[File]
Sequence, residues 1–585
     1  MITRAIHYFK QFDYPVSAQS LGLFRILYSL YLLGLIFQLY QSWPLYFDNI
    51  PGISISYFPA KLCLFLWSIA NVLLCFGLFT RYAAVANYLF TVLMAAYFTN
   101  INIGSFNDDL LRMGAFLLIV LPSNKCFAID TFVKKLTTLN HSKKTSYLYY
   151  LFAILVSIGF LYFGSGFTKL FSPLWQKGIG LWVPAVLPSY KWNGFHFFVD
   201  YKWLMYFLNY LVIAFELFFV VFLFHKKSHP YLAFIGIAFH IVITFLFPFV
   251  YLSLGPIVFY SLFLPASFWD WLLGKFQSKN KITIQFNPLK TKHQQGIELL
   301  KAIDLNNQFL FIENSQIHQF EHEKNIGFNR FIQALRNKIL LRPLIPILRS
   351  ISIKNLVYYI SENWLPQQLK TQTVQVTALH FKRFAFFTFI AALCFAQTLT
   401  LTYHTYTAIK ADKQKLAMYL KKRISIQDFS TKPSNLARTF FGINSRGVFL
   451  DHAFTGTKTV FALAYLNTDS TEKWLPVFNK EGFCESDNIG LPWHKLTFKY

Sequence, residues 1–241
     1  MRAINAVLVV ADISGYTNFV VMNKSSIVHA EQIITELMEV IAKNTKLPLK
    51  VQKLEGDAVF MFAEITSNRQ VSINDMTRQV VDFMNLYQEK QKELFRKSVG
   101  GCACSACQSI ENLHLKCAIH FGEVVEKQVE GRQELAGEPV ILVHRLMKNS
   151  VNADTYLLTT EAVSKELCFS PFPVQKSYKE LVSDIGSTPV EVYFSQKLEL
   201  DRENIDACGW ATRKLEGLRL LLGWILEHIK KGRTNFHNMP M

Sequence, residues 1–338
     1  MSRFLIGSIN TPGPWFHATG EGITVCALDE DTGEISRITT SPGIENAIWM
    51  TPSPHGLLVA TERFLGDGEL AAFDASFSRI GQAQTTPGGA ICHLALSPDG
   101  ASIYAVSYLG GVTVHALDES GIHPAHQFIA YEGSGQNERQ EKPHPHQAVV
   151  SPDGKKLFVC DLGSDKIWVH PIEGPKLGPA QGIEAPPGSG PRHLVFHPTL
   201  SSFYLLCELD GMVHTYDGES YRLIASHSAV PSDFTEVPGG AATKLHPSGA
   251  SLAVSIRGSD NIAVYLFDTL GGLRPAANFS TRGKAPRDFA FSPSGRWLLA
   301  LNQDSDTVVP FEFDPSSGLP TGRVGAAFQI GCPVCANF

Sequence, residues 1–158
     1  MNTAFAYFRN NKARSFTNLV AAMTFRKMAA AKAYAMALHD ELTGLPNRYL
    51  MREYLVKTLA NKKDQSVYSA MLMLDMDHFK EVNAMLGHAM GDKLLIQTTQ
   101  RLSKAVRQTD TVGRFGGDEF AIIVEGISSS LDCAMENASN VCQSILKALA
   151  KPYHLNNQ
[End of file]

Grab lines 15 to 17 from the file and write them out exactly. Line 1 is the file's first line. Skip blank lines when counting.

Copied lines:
   101  GCACSACQSI ENLHLKCAIH FGEVVEKQVE GRQELAGEPV ILVHRLMKNS
   151  VNADTYLLTT EAVSKELCFS PFPVQKSYKE LVSDIGSTPV EVYFSQKLEL
   201  DRENIDACGW ATRKLEGLRL LLGWILEHIK KGRTNFHNMP M